And what can it teach us about our Solar System’s earliest days?
In many ways, astronomy is unique among the sciences. In every other field, you have the ability to design an experimental test you can perform, determining which among your theories, hypotheses, and ideas are correct after you make the critical measurements. From the social sciences to medicine to biology, chemistry, and physics, performing these experiments in a controlled environment is a key step. In astronomy, however, we don’t get to choose which experiments are performed. Our laboratory is the Universe, and all we can do is observe the phenomena that nature — and the limits of our instruments — provide us with.
At least, that was the case in astronomy up until recently, when a notable exception came to the forefront. Since the dawn of the space age, we gained the ability to escape the bonds of our planet’s gravity. As a result, we’ve become capable of exploring the Solar System, sampling moons, planets, and even asteroids and comets directly, in some cases even returning those samples to Earth. Even though fragments of asteroids and comets have fallen to Earth in the past, there’s nothing quite like grabbing a pristine sample and bringing it home. To the surprise of many, the recent asteroid sample returned by the Japanese Hayabusa-2 probe is almost pitch black. Here’s the reason why.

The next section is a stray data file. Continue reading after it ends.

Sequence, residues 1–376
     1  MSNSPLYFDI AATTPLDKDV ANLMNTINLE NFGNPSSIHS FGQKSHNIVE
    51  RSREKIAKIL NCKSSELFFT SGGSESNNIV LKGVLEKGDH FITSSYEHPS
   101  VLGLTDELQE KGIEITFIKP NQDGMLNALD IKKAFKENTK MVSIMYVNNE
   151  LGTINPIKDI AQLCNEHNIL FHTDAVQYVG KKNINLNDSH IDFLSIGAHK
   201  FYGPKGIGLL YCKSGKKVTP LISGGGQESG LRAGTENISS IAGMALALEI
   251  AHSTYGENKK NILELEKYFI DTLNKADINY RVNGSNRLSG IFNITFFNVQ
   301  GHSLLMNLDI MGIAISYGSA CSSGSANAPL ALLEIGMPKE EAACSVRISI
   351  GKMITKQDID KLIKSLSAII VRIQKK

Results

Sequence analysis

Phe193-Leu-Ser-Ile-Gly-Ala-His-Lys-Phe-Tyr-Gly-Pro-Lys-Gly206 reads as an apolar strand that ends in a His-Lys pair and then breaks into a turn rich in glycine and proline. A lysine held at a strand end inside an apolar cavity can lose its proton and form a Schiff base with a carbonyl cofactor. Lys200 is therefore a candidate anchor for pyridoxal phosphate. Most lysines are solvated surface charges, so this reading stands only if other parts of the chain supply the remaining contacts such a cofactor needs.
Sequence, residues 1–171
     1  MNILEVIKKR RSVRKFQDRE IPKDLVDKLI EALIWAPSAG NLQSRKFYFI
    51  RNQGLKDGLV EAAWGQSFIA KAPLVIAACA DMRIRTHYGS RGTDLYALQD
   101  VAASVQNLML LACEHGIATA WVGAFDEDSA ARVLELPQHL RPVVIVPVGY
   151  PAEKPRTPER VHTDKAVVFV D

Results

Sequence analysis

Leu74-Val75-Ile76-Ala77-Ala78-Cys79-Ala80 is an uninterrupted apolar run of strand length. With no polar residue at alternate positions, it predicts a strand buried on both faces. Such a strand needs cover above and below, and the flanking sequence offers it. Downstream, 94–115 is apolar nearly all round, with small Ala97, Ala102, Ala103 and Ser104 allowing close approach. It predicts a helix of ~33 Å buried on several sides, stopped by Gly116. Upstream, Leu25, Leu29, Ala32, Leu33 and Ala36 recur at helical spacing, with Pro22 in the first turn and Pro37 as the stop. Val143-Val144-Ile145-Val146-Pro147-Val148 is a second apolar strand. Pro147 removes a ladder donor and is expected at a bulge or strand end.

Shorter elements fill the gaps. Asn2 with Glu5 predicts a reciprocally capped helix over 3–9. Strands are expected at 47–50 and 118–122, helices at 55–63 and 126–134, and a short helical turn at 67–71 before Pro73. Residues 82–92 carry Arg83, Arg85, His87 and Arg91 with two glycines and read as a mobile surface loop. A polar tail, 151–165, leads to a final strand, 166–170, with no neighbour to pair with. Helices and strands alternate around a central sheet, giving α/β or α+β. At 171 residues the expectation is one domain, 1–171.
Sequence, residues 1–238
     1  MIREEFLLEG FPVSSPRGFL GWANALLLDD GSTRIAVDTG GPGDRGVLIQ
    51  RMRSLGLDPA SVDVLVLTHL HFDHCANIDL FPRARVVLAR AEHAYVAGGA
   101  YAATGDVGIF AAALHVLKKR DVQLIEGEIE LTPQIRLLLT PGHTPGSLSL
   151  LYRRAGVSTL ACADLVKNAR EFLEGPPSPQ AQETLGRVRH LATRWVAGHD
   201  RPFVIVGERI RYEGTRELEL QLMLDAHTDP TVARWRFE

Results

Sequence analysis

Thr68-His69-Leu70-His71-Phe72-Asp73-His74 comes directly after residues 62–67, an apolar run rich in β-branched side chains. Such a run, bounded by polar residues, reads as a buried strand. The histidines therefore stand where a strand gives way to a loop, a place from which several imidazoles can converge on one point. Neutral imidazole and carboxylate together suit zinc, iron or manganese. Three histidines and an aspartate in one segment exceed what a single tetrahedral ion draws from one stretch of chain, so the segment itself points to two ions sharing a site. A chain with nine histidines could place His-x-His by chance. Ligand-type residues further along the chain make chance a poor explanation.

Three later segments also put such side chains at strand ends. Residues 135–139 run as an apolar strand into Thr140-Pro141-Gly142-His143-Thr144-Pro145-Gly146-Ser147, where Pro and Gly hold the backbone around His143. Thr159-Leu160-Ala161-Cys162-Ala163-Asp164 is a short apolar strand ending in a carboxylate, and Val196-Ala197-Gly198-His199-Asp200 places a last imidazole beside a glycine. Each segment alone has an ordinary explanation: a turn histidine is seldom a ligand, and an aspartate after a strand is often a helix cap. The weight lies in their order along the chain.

When we spot the planets, moons, and other visible bodies in our Solar System — including even the stars located far beyond — they largely appear white to our eyes. There are notable exceptions, as Mars is notoriously red, Earth appears blue from space as do Uranus and Neptune, Saturn is an overall yellowish color, and stars range from red to orange to yellow to white to blue. Nevertheless, the majority of objects appear white: the color of reflected sunlight or emitted light from a largely Sun-like star.